NEW YORK (GenomeWeb News) – Almac Diagnostics said today that University of Miami researchers will use its breast cancer microarray technology in studies of how genetic differences found in varying ethnic groups influence the disease.
The researchers at the university's Miller School of Medicine's Sylvester Comprehensive Cancer Center are using a two-year, $725,000 grant under the Department of Defense's Synergistic Idea Award program to fund the studies focused on the genetic differences found in African-American breast cancer patients in particular.
The company said its Cancer DSA microarray technology enables profiling from frozen and from FFPE tissue, and it is based on array content generated from sequencing, gene expression profiling, and mining of public databases and bioinformatics analysis.
Lisa Baumbach, an associate professor of pediatrics at the Miller School and a winner of the grant, said in a statement that the Almac diagnostic tools have been used in recent studies to "indicate that there may be distinct genetic differences in breast tissue between African-American, Caucasian, and Hispanic patients. The new grant will allow the UM team to take those findings a step further, with an international collaboration on women of African descent."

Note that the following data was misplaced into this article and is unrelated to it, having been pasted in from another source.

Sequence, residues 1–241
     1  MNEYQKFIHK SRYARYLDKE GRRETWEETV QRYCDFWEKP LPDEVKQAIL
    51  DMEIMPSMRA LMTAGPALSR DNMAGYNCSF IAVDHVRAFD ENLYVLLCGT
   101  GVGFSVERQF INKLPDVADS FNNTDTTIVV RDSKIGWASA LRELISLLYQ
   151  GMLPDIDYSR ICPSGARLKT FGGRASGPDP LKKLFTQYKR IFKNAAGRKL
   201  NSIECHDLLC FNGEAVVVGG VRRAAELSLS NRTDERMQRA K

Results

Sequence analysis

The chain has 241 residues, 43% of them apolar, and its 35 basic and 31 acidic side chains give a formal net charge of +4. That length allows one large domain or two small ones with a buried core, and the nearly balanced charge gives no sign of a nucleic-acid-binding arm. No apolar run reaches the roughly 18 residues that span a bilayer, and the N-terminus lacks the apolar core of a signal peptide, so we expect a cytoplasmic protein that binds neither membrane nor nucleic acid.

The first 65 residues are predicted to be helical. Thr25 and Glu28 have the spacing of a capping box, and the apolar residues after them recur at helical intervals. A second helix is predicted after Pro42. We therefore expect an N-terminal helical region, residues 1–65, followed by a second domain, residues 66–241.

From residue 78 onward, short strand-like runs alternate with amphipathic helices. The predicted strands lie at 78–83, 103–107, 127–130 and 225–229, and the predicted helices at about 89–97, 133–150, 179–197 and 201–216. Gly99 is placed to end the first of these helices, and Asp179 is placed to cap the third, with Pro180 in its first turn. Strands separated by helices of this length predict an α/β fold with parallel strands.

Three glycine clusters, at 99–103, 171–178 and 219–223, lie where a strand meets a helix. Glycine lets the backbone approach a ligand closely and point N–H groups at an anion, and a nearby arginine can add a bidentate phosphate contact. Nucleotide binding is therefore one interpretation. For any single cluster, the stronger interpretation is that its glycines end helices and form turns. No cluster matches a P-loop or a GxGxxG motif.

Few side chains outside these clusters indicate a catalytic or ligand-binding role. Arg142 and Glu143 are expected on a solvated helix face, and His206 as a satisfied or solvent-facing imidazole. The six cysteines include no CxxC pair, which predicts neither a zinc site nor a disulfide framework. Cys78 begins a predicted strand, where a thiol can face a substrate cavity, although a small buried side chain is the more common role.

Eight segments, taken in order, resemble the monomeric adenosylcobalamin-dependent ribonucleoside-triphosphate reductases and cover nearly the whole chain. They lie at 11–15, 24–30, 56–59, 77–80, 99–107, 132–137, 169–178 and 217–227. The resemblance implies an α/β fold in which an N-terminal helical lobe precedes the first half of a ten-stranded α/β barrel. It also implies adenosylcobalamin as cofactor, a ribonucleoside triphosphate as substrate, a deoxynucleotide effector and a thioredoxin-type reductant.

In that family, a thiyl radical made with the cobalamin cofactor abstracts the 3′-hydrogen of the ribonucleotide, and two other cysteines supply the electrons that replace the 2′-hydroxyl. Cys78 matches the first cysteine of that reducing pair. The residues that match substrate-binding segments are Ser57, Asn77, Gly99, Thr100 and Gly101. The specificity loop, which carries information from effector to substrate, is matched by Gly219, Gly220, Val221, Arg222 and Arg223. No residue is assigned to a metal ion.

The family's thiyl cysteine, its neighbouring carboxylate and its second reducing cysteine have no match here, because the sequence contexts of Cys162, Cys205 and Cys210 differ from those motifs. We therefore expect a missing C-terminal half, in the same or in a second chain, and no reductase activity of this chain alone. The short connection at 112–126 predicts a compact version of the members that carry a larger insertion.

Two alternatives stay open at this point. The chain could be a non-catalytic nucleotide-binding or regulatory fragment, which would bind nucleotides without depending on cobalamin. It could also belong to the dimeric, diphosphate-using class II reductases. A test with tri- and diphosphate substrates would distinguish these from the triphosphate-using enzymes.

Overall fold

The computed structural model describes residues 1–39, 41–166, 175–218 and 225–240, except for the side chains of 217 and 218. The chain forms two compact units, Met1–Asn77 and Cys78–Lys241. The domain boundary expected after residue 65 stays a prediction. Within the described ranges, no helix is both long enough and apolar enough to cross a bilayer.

The Miller School research will compare genome expression in African-American women with naturalized African women, examining 50 women in each group, and will analyze chromosomal alterations associated with gene expression differences.
Financial and further terms of the agreement were not released.